How Do The Ski Resorts Of Europe Compare?

The sheer number of outstanding Alpine resorts can be overwhelming when trying to choose a destination for your ski holiday. It’s particularly difficult to choose between the main French and Swiss resorts since they dominate the winter sports scene and have so many good points. We’ve compared the two countries’ main resorts in a number of categories to help you decide which is best suited for your needs. Both the Swiss and French Alps have resorts with luxury ski chalets to rent and each resort has individual strengths.

How Do The Ski Resorts Of Europe Compare?

Authentic Alpine Charm

Switzerland is proud of its traditions, its old heritage, and its unique natural beauty. St Moritz is the oldest purpose-built ski resort in the world at over 150-years-old and has a captivating lakeside setting. Gstaad is equally picturesque with the Gstaad Palace Hotel perching over the traffic-free village like a fairytale castle and a lovely river running through the valley. France is better known for its cosmopolitan ski resorts like Courchevel and Megeve. Most of them were built from scratch in the 1950s and 1960s in places where there used to be nothing but Alps. Consequently, many of the resorts, such as Val Thorens, are located higher than in any other European country. However, some of them are centuries old such as Megeve and Les Gets.

Exclusive Accommodation

The French Alps lead the way with some of the most exclusive ski accommodation on the planet. Courchevel’s Le Jardin Alpin area at the top of the resort is home to three exclusive properties that hold the coveted “Palace” status, meaning they have attained an extraordinary 6 stars, which reflect their outstanding pedigree. Bridging the gap between a catered chalet and a boutique hotel, Chalechalt Edelweiss is a temple of luxury with seven floors and a massive 3,000 metres sq of space located right on the piste. It comes with everything you would expect from a ultra-exclusive chalet (pool, hammam, spa, gym, cinema) and more that you wouldn’t (a private nightclub, dining for 24 people, underground parking and car lift). However, Switzerland is keeping up with France in style and opulence, which can be demonstrated with Sir Richard Branson’s Verbier chalet that is available to rent. The Lodge combines cool and contemporary interior design with meticulous attention to detail and top class service.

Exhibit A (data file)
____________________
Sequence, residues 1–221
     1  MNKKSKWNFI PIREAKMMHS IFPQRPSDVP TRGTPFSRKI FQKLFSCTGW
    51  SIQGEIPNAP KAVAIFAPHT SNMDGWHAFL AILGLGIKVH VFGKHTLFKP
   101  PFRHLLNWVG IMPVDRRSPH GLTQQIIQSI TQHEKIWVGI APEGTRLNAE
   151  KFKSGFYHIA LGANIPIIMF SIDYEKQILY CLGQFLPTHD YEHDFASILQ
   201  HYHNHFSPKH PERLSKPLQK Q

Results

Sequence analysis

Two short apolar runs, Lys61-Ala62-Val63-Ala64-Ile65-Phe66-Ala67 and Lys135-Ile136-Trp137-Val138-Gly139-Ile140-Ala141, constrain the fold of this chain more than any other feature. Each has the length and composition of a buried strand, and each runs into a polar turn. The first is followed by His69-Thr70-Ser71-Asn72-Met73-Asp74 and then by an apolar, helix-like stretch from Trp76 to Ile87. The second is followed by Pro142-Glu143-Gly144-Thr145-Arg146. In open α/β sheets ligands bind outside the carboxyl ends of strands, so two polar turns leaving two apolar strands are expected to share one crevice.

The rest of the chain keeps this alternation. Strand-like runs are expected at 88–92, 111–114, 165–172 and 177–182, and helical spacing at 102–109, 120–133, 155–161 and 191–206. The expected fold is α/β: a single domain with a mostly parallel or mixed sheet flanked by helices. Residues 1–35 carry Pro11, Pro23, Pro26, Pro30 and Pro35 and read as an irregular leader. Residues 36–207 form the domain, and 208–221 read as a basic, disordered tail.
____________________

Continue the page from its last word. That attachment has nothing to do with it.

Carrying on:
Snow Conditions and Skiing

The Lake Geneva area is famous for its nature reserves, but also for Europe’s biggest ski resort, the Portes du Soleil, including twelve resorts in both Switzerland and France. It has 650 km of marked pistes and 200 lifts in total, spread over 14 valleys. It’s really easy to ski between the different towns, and there is a large variety of terrain. Portes du Soleil’s only rival in terms of size is Les Trois Vallees in the French Alps, the largest ski area in the world and home to big name resorts such as Meribel, Courchevel and Val Thorens.

In terms of individual resorts, Tignes has some of the most reliable snow conditions in the Alps and a long season that opens in October and closes in early May. Tignes also has the Grande Motte glacier, which offers six weeks of summer skiing. In Switzerland, Verbier and Andermatt have great powder, but it’s Zermatt that shines with Europe’s highest cable car, the Klein Matterhorn, accessing an area where fresh snow falls year round.

Apres-Ski and Off-Piste Activities

France has a varied après scene with lively resorts like Meribel and Chamonix contrasting with the refined pleasures of Courchevel and family-friendly activities of Les Gets. There are plenty of activities available for all ages in Chamonix, which is more a town than resort. It has an ice-rink, husky sledding, a climbing wall, bowling and a cinema, not to mention the Aiguille du Midi cable car, which is the closest you can get to the summit of Mont-Blanc without hiking or climbing. In Tignes you can even do winter scuba diving in a frozen lake.

The Swiss Alps have some unique apres-ski activities and none more so than Zermatt which is home to Iglu-Dorf, the highest igloo village in Europe at 2,727m above sea level. The open-air Igloo Bar is a fun place to socialise and unwind after a long day on the slopes and offers breathtaking views of the Matterhorn. In St Moritz, the legendary male-only Cresta Run is a high-adrenaline way to get down the mountain for those brave enough. In both France and Switzerland, quaint historical resorts such as Megeve, Morzine and St Moritz have romantic horse drawn carriage rides available.

Food and Fine Dining

The Swiss and French alpine resorts are both equally blessed when it comes to sampling delicious cuisine, but Switzerland is the home of fondue. A ski holiday would not be complete without having had cheese fondue at least once and Swiss chocolate is in a league of its own. However, the raclette, tartiflette, cured ham and foie gras specialities on offer in France are not to be sniffed at. In terms of fine dining, all the high-end resorts have a some wonderful restaurants but Courchevel in France dominates Alpine haute cuisine with a staggering 11 Michelin star eateries. Therefore, it depends on the kind of food you’re interested in, but both countries deliver a wonderful gourmet experience that will replenish your energy after a day of skiing.

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